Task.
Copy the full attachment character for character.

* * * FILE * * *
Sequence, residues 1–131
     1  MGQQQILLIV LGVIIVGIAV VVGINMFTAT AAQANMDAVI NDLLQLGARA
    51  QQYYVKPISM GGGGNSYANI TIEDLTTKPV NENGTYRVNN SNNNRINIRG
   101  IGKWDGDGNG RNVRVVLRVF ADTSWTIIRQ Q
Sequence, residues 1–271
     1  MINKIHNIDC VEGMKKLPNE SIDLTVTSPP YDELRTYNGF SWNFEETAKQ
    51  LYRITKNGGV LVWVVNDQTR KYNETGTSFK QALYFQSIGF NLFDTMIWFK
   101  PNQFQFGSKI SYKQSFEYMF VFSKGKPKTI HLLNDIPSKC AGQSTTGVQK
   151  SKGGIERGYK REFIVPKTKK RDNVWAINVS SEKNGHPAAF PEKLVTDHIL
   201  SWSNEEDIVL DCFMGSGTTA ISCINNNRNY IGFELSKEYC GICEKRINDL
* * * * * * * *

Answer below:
Sequence, residues 1–131
     1  MGQQQILLIV LGVIIVGIAV VVGINMFTAT AAQANMDAVI NDLLQLGARA
    51  QQYYVKPISM GGGGNSYANI TIEDLTTKPV NENGTYRVNN SNNNRINIRG
   101  IGKWDGDGNG RNVRVVLRVF ADTSWTIIRQ Q
Sequence, residues 1–271
     1  MINKIHNIDC VEGMKKLPNE SIDLTVTSPP YDELRTYNGF SWNFEETAKQ
    51  LYRITKNGGV LVWVVNDQTR KYNETGTSFK QALYFQSIGF NLFDTMIWFK
   101  PNQFQFGSKI SYKQSFEYMF VFSKGKPKTI HLLNDIPSKC AGQSTTGVQK
   151  SKGGIERGYK REFIVPKTKK RDNVWAINVS SEKNGHPAAF PEKLVTDHIL
   201  SWSNEEDIVL DCFMGSGTTA ISCINNNRNY IGFELSKEYC GICEKRINDL